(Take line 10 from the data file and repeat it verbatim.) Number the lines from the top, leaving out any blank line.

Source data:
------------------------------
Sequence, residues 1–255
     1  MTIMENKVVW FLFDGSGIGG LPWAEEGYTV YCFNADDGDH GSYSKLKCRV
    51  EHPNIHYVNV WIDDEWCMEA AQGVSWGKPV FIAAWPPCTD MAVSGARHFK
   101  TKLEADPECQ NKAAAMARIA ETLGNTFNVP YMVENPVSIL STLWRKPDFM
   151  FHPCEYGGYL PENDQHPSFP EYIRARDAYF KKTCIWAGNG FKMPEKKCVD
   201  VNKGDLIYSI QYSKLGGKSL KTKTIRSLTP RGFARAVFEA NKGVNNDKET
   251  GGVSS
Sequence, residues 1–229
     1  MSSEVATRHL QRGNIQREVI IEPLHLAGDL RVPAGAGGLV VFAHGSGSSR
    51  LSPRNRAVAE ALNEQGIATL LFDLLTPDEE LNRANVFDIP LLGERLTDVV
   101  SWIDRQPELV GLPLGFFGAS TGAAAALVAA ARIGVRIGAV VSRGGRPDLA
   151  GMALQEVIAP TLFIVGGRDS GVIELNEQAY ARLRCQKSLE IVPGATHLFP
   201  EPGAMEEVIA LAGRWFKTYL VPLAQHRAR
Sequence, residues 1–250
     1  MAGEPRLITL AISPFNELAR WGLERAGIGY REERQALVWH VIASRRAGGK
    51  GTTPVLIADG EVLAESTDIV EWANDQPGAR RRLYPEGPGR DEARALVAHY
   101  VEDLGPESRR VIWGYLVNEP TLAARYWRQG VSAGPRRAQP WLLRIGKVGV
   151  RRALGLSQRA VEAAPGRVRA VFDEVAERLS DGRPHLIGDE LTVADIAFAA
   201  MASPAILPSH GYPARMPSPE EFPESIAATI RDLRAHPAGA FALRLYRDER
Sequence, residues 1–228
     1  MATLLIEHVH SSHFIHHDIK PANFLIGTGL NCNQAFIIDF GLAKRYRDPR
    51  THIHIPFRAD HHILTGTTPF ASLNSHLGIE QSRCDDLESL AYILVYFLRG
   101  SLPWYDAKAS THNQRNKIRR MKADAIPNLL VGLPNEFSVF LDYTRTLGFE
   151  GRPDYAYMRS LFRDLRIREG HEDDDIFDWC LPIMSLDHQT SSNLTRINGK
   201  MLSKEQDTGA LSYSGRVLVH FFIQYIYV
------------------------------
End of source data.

    51  LSPRNRAVAE ALNEQGIATL LFDLLTPDEE LNRANVFDIP LLGERLTDVV